SWITCH Security-Blog

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GÉANT and Cyber Security Month with Security awareness at the Paul Scherrer Institute


Cyber Security Month with GÉANT – “Become a cyber hero”

The European data network for the research and education community GÉANT interconnects national research and education networks (NRENs) like SWITCH across Europe, enabling collaboration virtually and accelerate research, drive innovation and enrich education.

Also this year GÉANT joins the European Cyber Security Month, an initiative launched by ENISA, EC DG CONNECT and a variety of partners, to raise security awareness within the European community. With the tagline «Become a cyber hero» GÉANT publishes practical tips, case studies and articles on social engineering, phishing, password security and ransomware throughout October. The content is provided by experts within the community.

SWITCH-CERT is proud to share with you one of the interesting contributions from the Swiss NREN. Read about Björn Abt, IT Security Officer at the Paul Scherrer Institut (PSI), talking about their approach to security awareness:

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The September/October 2020 issue of our SWITCH Security Report is available!

Dear Reader!

A new issue of our bi-monthly SWITCH Security Report is available!

The topics covered in this report are:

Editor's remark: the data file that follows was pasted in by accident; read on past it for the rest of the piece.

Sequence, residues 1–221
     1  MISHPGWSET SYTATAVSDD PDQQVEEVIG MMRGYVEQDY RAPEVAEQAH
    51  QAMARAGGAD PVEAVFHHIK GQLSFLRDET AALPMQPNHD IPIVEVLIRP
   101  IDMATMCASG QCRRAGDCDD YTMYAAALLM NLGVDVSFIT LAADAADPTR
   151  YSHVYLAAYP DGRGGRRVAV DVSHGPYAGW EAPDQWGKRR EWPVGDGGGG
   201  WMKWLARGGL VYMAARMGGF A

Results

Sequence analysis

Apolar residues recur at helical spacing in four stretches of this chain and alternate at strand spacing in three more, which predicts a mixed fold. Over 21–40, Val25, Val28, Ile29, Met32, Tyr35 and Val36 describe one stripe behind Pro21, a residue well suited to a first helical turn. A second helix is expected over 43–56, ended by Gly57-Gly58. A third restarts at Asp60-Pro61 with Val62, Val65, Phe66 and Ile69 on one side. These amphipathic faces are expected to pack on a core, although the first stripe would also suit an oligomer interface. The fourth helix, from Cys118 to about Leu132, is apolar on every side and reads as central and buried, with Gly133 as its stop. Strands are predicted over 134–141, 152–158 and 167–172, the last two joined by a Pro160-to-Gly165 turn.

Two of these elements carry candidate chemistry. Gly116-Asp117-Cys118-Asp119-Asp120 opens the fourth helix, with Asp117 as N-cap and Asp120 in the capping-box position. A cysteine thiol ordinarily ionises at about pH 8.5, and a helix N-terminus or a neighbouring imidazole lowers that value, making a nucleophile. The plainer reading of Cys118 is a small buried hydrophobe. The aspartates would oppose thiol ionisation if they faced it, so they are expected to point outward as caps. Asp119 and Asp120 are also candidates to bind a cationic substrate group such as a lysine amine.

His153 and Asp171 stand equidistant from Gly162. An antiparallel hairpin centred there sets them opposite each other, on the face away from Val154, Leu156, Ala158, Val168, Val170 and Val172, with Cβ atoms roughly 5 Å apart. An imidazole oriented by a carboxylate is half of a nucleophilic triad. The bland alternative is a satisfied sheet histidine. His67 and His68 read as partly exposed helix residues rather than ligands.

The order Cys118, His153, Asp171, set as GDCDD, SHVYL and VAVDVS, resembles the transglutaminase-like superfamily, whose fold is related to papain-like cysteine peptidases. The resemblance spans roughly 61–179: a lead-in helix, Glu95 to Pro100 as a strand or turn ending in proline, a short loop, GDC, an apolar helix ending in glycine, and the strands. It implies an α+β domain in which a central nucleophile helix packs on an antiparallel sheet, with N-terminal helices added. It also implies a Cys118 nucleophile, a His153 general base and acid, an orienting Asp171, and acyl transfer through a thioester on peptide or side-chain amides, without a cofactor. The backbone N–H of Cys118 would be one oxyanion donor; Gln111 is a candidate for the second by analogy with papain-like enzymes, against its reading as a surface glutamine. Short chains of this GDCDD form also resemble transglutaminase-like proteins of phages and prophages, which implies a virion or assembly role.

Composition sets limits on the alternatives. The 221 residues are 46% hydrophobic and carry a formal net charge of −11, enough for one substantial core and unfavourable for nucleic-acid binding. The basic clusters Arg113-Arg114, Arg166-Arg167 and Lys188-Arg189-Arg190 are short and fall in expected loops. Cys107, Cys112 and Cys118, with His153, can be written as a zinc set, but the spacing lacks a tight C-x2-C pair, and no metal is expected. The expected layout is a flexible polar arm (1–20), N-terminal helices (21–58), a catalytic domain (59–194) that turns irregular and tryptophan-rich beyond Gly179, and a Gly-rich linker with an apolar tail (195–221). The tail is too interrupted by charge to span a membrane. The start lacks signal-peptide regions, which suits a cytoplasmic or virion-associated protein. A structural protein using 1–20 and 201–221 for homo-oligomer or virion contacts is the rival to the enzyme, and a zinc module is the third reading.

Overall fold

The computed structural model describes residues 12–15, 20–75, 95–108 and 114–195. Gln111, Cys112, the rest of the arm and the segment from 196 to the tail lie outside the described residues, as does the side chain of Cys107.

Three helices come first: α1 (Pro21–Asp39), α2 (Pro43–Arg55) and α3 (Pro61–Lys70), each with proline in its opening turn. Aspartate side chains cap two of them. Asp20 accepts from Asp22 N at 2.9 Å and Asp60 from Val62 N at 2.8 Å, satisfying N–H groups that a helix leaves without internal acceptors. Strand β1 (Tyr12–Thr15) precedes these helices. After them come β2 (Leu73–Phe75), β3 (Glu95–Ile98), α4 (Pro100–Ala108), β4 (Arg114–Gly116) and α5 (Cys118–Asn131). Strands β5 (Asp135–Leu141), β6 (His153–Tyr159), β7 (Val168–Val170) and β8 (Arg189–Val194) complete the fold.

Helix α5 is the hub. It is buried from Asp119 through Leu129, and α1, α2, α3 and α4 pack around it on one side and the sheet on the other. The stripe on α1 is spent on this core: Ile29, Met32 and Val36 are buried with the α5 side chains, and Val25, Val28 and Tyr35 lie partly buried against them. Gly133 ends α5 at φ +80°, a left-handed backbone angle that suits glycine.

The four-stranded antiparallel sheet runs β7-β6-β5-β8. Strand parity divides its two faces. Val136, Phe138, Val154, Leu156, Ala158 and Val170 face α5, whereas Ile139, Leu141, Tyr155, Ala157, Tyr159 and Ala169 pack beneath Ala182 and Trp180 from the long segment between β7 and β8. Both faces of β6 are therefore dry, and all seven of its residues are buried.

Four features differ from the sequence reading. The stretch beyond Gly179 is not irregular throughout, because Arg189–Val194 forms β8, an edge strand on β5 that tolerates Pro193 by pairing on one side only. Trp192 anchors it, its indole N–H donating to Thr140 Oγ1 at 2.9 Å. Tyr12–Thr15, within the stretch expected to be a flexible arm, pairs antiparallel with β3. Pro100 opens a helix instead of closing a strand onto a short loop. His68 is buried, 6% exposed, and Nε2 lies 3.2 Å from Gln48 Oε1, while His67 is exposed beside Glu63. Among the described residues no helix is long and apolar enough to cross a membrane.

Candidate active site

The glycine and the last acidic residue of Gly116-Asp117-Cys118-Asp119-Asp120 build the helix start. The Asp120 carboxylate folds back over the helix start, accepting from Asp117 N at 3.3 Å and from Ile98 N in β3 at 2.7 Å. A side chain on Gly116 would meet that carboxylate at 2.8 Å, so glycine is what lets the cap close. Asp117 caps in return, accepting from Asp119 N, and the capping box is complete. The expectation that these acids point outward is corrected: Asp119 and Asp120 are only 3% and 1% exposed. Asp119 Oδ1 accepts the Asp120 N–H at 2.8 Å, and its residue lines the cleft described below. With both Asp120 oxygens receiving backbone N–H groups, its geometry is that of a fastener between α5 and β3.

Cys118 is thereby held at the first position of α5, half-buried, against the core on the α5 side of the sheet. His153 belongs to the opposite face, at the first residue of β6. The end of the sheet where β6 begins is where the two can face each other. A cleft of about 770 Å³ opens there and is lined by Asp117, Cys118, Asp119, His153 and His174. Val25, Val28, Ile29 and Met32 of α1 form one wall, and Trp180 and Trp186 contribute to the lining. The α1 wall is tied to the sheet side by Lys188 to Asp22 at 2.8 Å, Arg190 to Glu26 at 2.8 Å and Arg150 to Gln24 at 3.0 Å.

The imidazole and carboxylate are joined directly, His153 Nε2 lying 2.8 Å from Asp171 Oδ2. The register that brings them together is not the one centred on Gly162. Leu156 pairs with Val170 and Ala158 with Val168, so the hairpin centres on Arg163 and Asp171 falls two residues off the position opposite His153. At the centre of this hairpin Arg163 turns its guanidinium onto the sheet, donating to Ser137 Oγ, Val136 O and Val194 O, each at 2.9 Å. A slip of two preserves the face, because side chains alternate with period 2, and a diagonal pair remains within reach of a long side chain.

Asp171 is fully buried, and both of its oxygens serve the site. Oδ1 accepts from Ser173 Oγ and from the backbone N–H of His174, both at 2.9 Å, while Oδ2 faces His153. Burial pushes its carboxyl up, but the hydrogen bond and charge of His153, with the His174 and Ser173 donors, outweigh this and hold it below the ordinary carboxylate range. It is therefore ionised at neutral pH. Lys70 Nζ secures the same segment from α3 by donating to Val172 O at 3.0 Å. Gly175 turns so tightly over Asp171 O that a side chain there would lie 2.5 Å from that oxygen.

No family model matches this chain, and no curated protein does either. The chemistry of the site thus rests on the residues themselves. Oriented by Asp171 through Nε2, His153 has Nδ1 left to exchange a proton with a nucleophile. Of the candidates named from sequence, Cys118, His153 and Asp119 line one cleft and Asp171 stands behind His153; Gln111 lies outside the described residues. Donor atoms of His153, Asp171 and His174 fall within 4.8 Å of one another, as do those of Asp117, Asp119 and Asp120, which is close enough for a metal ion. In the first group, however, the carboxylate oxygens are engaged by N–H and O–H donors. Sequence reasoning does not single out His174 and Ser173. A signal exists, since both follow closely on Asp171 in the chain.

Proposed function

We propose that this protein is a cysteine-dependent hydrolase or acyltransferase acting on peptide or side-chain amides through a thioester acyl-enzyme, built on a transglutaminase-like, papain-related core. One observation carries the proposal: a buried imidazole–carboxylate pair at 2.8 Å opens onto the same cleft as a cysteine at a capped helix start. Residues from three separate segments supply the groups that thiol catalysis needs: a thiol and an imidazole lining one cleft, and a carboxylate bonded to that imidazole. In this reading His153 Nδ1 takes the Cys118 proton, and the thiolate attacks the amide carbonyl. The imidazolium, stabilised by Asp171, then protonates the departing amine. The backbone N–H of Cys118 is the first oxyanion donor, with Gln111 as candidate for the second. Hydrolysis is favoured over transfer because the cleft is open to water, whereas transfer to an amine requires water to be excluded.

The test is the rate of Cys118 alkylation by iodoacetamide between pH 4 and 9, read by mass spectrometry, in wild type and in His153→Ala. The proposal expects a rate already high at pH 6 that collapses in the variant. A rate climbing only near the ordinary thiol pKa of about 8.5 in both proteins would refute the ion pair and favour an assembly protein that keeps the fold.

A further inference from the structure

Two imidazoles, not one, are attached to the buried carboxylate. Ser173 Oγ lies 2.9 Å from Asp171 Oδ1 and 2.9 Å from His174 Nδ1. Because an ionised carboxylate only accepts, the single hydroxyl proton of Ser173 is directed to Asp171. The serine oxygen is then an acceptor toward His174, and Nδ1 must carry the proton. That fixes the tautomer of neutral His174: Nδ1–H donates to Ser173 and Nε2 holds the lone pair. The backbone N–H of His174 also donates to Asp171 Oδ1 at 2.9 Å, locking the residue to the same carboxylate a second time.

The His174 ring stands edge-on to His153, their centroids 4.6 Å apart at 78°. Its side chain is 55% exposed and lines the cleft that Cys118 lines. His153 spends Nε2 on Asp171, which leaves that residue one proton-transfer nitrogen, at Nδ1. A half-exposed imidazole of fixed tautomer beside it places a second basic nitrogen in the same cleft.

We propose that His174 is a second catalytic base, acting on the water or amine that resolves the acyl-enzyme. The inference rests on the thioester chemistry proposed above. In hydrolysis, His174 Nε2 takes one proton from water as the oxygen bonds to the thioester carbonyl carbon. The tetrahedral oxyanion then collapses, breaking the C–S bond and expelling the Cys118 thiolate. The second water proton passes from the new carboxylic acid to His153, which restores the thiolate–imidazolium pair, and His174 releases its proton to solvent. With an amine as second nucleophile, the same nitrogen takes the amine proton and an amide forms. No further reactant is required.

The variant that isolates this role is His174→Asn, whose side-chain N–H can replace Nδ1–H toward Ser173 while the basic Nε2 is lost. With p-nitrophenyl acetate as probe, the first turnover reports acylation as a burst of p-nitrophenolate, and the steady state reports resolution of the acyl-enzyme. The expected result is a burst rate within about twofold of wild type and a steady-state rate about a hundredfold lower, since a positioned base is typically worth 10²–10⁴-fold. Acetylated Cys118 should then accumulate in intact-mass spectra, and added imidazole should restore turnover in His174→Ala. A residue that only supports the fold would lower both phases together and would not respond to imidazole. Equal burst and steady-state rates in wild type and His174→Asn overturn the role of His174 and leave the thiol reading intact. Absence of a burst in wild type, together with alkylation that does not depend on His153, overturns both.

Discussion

• Ransomware – the new normal of digital extortion
  • A murky supply chain – how hackers profited from Cumulus data
  • Smisherman’s Friends – a new wave of smishing attacks is washing over Europe and Switzerland

The Security Report is available in both English and German.

»»  Download the English report.     »»  Download the German report.


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Growing support for open security standards in Switzerland

Open security standards are essential for a secure and resilient Internet in Switzerland and protect the privacy of Swiss Internet users. The adoption rate for Internet security standards like DNSSEC, DANE and DMARC in Switzerland is still low compared to the leading countries in Europe, but there is more and more support from the Internet industry, authorities and not for profit organizations in Switzerland.

Why are open security standards so important?

The implementation of open security standards that come out of the Internet Engineering Task Force (IETF), reduce the attack surface of the domain/service owner. But even more important, a growing implementation rate reduces the attack surface of the internet as a whole and makes the life of cyber criminals and state actors more challenging. Open security standards provide different mechanisms to secure our communication on the internet, most important encryption and authentication. Encryption keeps our communication on the internet confidential and prevents third parties from reading our emails and tracking on which web sites users spend their time. Authentication allows us to identify and authenticate our communications partners, it makes sure that we are not on a fake website or send emails or our login credentials to a rogue email server. Continue reading